Working out your own personal philosophy is a starting point. Imagine a dental case where the dentist incorrectly determined the mandibular plane. Everything from that point forward will be effected, from function to that very popular buzzword – cosmetics (form). The only way to correct that mistake is to start again. When you start with some very simple, but big objectives, in mind, you will see that every strategy you employ begins to create a culture within your business. As you will soon see, having a system or a process is the key to success.
Throughout my career, countless patients have told me that my practice has a very distinct and visible culture. They see it in the behavior of everyone in the office. We are all aligned through a belief system that is an extension of my own value system. I like to think that my skills are very good, and they have improved over time because of my dedication to creating this practice culture. Continuing education and training is imperative for creating a culture. If it’s a good culture, you have a good business strategy. The practice will not only become more streamlined and productive but it will provide all members of the practice – doctors, staff, and patients – with the comfortable knowledge and assurance that they are achieving at their highest levels.
The culture will self-perpetuate. It will attract people with like values. Word of mouth referrals will grow. The practice will develop a reputation in the community of being the best. This follows the rule of “birds of a feather flock together.”
Later you will learn about the very important Law of Attraction. This Law has been credited with being the “Secret” to life’s successes in a mega-bestselling book by the same name. The Law of Attraction begins with creating an attractive culture. Many practices complain about how they don’t attract the patients they need to build this type of culture. It’s been my experience that those offices have no culture or one where the doctor and staff are at odds.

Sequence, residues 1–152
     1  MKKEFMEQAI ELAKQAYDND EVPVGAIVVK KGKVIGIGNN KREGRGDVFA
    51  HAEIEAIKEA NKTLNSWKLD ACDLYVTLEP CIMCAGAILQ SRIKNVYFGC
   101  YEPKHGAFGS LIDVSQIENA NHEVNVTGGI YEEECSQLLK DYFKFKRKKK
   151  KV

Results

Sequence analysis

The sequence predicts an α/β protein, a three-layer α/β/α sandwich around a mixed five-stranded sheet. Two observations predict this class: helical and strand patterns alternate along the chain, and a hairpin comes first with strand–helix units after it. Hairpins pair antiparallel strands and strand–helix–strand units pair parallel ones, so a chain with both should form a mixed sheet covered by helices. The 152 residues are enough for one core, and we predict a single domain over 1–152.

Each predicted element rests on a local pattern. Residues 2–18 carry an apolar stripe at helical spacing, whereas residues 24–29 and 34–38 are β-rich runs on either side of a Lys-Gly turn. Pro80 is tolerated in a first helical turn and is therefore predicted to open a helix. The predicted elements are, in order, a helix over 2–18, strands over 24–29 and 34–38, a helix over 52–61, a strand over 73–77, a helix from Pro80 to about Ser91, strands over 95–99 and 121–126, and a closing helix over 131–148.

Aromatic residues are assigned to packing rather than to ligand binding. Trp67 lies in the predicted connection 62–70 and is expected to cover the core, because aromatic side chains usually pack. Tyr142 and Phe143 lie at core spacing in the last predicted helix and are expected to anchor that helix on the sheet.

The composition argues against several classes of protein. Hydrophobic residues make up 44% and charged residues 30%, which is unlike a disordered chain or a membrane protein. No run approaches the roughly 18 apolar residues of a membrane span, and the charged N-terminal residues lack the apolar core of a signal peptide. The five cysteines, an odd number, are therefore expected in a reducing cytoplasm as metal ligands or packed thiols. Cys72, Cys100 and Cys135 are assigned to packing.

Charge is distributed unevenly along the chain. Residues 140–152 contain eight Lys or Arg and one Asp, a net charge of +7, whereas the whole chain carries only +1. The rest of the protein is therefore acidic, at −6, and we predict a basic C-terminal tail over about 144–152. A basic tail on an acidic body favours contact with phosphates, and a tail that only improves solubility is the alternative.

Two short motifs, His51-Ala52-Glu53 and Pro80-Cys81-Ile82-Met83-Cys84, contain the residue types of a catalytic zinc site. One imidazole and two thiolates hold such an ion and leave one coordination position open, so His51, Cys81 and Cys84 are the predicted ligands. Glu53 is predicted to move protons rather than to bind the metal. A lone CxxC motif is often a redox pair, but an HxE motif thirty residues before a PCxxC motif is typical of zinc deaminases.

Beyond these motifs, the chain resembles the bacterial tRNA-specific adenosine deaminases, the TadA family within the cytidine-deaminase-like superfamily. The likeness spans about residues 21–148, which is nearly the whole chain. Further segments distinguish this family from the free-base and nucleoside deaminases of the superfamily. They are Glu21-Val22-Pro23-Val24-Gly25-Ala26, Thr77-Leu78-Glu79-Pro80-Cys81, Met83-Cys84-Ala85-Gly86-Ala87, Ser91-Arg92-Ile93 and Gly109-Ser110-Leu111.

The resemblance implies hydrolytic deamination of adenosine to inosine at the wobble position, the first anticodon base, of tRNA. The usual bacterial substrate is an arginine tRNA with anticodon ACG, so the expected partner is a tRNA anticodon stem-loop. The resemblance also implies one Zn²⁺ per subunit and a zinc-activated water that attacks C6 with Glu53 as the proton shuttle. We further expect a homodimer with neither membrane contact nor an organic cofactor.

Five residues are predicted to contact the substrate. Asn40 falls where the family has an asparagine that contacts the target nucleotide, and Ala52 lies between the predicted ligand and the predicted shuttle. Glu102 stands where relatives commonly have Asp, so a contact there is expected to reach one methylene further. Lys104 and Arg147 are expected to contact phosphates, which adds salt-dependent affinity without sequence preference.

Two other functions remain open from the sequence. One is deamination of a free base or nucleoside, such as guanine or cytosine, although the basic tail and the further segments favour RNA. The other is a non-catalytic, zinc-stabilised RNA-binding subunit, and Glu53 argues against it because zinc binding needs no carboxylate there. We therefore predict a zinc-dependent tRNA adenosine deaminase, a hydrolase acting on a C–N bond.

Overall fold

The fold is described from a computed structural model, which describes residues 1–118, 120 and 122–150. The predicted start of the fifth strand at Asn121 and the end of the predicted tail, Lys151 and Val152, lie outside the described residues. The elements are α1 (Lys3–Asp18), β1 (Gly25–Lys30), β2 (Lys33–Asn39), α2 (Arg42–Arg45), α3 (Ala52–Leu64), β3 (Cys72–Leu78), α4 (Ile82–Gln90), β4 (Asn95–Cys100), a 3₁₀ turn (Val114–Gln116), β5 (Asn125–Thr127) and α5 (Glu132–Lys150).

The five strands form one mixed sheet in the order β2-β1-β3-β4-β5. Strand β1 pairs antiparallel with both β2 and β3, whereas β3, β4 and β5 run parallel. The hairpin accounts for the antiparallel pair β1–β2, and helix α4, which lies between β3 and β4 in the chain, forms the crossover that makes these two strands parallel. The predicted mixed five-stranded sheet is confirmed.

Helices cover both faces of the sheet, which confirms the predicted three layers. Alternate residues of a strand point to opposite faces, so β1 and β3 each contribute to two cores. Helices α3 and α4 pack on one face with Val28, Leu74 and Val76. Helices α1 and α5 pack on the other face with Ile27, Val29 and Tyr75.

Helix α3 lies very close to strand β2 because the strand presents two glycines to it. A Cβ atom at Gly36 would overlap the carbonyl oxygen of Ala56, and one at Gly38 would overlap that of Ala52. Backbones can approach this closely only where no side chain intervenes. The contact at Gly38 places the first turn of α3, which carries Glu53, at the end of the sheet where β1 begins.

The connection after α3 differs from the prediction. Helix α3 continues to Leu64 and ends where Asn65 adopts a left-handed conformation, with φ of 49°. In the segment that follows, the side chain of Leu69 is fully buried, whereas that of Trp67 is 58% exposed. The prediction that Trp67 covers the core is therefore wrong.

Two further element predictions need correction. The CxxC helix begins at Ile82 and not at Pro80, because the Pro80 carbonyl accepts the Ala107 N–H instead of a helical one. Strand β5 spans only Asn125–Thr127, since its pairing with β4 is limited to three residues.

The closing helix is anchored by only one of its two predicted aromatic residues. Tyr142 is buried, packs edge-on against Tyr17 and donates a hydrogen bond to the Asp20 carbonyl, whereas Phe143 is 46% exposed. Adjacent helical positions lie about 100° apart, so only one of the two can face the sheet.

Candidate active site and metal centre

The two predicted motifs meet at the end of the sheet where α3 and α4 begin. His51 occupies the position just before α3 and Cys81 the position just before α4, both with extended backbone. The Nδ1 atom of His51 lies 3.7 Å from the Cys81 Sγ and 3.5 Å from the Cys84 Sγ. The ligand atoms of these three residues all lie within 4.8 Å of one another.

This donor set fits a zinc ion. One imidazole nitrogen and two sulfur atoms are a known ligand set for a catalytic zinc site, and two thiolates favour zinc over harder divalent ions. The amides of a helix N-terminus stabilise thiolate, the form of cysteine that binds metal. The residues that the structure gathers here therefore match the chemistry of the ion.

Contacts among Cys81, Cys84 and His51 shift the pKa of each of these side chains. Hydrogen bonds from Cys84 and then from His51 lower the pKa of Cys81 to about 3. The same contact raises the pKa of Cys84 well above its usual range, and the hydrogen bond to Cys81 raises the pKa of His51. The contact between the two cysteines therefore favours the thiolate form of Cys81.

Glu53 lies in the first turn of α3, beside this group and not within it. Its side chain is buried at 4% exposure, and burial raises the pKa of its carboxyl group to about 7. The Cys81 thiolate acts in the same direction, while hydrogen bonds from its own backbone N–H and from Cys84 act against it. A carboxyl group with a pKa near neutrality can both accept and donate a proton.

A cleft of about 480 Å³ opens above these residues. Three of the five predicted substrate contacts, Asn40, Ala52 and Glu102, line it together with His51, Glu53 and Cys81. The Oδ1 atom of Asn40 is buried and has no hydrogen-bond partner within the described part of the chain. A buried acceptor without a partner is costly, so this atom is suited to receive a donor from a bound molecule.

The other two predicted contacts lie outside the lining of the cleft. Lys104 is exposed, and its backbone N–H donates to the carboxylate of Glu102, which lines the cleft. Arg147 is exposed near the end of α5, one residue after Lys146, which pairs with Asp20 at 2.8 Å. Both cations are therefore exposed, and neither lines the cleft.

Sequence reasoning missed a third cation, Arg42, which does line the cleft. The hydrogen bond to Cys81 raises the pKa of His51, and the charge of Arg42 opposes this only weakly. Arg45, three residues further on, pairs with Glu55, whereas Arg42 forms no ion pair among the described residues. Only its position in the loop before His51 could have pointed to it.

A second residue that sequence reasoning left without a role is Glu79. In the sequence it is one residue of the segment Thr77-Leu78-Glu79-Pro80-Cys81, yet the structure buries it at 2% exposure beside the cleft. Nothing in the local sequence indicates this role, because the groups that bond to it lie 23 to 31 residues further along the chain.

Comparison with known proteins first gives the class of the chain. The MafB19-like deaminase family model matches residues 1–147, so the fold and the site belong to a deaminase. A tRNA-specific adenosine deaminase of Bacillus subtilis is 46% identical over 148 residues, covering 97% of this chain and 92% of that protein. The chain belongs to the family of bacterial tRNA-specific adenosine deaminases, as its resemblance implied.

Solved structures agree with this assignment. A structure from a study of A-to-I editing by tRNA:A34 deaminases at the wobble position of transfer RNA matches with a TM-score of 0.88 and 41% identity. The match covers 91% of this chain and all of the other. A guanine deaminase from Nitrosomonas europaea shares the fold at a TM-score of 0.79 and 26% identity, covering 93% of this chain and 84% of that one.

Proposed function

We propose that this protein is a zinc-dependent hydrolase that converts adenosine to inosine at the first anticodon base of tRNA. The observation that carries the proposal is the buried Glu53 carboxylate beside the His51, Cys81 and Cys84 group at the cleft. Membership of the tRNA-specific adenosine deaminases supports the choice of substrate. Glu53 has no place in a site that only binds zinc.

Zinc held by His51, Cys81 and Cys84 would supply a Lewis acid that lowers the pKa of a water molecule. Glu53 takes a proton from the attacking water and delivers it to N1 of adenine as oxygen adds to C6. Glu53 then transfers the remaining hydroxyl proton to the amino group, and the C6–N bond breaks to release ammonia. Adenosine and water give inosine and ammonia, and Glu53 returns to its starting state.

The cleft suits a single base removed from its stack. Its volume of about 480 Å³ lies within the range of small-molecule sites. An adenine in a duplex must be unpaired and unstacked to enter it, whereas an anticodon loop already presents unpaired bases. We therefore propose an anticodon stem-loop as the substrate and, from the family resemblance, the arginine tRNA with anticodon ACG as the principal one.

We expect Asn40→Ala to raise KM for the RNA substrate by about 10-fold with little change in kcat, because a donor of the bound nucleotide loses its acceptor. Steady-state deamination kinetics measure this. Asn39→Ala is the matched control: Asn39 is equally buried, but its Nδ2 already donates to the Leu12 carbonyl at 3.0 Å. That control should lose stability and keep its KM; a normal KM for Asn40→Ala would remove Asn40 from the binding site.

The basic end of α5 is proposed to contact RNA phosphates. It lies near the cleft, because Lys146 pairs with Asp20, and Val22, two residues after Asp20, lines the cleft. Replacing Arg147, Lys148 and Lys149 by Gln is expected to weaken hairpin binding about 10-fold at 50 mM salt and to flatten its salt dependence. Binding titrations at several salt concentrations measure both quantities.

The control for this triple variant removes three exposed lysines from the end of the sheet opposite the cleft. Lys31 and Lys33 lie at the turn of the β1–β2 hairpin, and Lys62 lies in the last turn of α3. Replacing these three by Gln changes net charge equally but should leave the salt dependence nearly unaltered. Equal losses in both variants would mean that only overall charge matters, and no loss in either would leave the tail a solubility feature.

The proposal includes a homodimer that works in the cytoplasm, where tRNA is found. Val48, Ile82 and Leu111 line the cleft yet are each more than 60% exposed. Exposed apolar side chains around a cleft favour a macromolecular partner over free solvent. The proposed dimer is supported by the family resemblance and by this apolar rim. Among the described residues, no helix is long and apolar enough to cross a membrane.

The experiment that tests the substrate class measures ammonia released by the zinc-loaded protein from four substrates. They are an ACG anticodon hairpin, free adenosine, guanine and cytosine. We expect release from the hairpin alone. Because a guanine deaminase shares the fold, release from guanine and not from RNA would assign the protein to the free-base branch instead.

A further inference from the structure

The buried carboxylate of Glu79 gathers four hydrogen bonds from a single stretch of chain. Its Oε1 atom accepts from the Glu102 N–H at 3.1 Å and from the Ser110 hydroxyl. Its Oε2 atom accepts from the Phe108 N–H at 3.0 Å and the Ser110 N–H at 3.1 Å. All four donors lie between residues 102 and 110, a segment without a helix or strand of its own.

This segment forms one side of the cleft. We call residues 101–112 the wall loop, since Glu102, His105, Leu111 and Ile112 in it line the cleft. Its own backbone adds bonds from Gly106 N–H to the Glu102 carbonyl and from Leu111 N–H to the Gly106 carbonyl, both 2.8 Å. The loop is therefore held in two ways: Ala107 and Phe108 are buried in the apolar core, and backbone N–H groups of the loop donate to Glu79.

In Eastern teachings the term “Sangha” is used to describe a spiritual community of individuals dedicated to creating and sustaining an environment that nurtures and supports reverence, mindfulness and spirituality as a lifestyle. Sangha creates a feeling of safety. I believe all of us seek this spiritual community.
This is the community I felt when I first travelled to the Pankey Institute, a place of unconditional acceptance. I have strived through the years to create such a culture in my practice.
There is no limit to the rewards one can reap if the foundation is strong. In his book, Who Says Elephants Cant’ Dance, Inside IBM’s Historic Turnaround, Louis V. Gerstner, Jr., the retired CEO of IBM, writes about the importance of establishing a culture that is the result of one person’s vision:
“I came to see in my time at IBM, that culture isn’t just one aspect of the game – it is the game. In the end, an organization is nothing more than the collective capacity of its people to create value. Vision, strategy, marketing, financial management – any management system, in fact – can set you on the right path and carry you for a while. But no enterprise – whether in business, government, education, health care, or any area of human endeavor – will succeed over the long haul if those elements aren’t part of its DNA. A company’s initial culture is usually determined by its founder’s mindset – that person’s values, beliefs, preferences and also idiosyncrasies. It’s been said that every institution is nothing but the extended shadow of one person,” he wrote.
With a culture in place, staff members, and the dentist alike will know not only how things are done but also why. Essentially, this book is an orderly way of demonstrating answers to how and why. In the end, your practice will develop a unique way of performing many tasks that will create the culture of your practice. If you as the leader is fun to be around then the practice will take on that trait. If you are belligerent then the practice becomes belligerent. If you are fearful, the practice is fearful. In other words, the practice takes on the character of the dentist. The happy dentist creates the happy practice.